Virgin Atlantic announced new non-gendered uniforms as part of its updated gender identity policy.
The update includes uniforms that allow employees to express their gender identity or gender expression in the way they see fit, including optional pronoun badges which will be made available for flying crew, ground team, and customers.
The change also includes the option for customers who hold passports with gender-neutral terms to choose gender-neutral markers when making a booking with the airline.
In the case that a customer isn’t able to hold a passport with gender-neutral terms, Virgin Atlantic plans to implicate ways to communicate between customers to ensure all are addressed by their preferred pronouns.
Jamie Forsstroem, cabin crew at Virgin Atlantic commented: “The updated gender identity policy is so important to me. As a non-binary person, it allows me to be myself at work and have the choice in what uniform I wear.”
Mandatory inclusivity training will also be rolled out for employees across the Virgin Atlantic company, including holiday and tourism partners.
Alison Porte, Virgin Atlantic first officer said the following in the campaign video, “It’s not about cancelling people. It’s not about removing women or removing men. It’s just about more inclusive language.”
The update also extends to the existing trans inclusion policy, which will allow time off for medical treatments related to gender transition, the choice of changing and shower faculties that align with the gender identity of the individual and the opportunity to co-create a personalised transitioning plan.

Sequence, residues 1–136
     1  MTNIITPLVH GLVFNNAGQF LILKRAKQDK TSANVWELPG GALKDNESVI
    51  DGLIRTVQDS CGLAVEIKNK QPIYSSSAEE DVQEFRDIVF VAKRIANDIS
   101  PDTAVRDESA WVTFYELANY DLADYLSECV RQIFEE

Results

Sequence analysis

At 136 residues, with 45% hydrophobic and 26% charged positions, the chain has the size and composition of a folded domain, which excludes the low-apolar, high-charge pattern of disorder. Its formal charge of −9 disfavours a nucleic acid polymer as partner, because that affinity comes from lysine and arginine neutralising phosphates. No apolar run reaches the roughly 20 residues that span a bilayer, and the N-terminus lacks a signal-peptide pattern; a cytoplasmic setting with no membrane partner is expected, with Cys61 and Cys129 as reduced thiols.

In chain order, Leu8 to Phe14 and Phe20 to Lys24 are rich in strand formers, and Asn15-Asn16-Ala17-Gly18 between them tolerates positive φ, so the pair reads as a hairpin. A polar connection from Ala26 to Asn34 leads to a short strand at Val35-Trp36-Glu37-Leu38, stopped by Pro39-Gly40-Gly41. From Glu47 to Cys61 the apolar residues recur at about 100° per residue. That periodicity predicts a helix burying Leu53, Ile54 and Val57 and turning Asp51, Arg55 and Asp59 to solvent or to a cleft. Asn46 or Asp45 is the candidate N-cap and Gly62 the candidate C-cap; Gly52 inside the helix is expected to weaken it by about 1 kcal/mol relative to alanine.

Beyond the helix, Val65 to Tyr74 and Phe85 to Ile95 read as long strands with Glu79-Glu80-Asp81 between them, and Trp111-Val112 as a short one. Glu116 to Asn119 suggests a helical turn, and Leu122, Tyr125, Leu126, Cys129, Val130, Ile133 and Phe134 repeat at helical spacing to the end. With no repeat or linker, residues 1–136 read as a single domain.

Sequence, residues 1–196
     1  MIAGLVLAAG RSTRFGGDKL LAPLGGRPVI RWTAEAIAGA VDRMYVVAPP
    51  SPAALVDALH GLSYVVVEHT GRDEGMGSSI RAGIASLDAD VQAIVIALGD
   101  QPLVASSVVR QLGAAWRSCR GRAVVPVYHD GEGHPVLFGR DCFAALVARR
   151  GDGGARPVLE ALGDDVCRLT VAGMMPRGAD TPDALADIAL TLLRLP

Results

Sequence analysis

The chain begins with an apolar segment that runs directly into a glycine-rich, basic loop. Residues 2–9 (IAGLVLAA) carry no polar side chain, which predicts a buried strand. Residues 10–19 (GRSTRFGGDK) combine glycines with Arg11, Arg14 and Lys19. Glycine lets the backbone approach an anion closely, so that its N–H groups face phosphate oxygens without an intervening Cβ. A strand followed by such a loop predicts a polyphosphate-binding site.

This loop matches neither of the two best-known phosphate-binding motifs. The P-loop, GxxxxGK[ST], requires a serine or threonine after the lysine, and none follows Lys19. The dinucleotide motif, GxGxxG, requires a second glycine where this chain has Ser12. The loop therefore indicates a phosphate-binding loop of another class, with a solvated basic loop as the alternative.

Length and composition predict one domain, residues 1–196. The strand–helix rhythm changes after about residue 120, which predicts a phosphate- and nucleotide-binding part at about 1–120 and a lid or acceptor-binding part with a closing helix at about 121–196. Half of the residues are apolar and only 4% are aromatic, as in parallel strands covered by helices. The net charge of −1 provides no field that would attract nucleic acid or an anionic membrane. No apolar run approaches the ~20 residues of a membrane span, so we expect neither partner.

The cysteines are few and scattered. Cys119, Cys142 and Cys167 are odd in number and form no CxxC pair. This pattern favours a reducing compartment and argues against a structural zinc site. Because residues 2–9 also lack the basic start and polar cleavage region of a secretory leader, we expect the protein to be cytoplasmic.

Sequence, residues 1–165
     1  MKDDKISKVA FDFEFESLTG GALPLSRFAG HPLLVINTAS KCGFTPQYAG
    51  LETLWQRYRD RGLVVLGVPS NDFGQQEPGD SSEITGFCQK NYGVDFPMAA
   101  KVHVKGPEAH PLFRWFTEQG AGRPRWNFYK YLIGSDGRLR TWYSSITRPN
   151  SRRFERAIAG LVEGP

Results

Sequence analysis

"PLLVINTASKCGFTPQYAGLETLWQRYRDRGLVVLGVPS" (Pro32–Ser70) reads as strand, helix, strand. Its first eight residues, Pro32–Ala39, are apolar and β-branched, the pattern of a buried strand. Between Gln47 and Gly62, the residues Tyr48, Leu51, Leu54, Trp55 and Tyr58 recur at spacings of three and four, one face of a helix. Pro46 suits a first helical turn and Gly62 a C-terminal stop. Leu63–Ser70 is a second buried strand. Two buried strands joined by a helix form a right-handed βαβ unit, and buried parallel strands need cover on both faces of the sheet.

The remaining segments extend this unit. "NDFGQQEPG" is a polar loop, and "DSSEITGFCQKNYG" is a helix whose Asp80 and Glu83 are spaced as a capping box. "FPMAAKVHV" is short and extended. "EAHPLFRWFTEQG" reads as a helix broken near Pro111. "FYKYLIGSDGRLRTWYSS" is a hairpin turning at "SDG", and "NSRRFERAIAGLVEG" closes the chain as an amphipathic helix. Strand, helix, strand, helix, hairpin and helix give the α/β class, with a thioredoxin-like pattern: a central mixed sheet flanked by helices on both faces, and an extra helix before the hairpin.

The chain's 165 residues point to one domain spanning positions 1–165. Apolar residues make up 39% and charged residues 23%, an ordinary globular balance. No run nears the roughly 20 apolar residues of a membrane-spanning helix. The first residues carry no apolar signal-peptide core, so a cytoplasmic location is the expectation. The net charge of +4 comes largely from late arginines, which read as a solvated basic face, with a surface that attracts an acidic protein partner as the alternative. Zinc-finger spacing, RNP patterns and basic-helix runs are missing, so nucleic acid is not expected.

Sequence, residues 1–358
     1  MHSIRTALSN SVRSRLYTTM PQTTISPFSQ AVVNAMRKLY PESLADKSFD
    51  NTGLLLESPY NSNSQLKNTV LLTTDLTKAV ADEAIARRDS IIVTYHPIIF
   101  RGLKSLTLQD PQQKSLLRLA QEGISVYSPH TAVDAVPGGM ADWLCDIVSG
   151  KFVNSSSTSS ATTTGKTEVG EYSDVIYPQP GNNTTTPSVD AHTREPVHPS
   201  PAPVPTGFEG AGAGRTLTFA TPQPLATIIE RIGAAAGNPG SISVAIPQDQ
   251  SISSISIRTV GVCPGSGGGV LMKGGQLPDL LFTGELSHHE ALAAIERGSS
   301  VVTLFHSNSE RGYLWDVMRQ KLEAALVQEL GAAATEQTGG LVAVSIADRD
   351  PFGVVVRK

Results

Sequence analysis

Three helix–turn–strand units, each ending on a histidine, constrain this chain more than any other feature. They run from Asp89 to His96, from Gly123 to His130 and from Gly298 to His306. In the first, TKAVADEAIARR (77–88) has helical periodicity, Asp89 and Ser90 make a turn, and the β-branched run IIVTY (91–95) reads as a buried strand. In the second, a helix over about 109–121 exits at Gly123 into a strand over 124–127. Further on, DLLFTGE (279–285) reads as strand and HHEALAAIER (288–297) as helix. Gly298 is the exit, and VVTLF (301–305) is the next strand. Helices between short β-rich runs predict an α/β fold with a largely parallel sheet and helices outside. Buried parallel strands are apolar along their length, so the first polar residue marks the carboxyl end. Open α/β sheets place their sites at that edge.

Celebrity and LGBTQ+ ally, Michelle Visage participated in showcasing the new uniforms designed by Vivienne Westwood said “As a mother of a non-binary child … these efforts by Virgin Atlantic to further inclusivity for its people are extremely important and personal to me”
The airline also introduced the decision to offer cabin crew the option to wear trousers, flat shoes, and makeup in 2019 and more recently lifted restrictions to allow visible tattoos for crew members.
Juha Jarvinen, Virgin Atlantic’s chief commercial officer said, “At Virgin Atlantic, we believe that everyone can take on the world, no matter who they are. That’s why it’s so important that we enable our people to embrace their individuality and be their true selves at work. It is for that reason that we want to allow our people to wear the uniform that best suits them and how they identify and ensure our customers are addressed by their preferred pronouns.”
According to a British study, companies that enable self-expression of their staff and embrace all communities have an increase in mental wellbeing, happiness, and loyalty.
Other airlines such as United Airlines, US Airlines, and Japan Airlines have also taken steps towards gender inclusivity with changes to policies and airline greetings.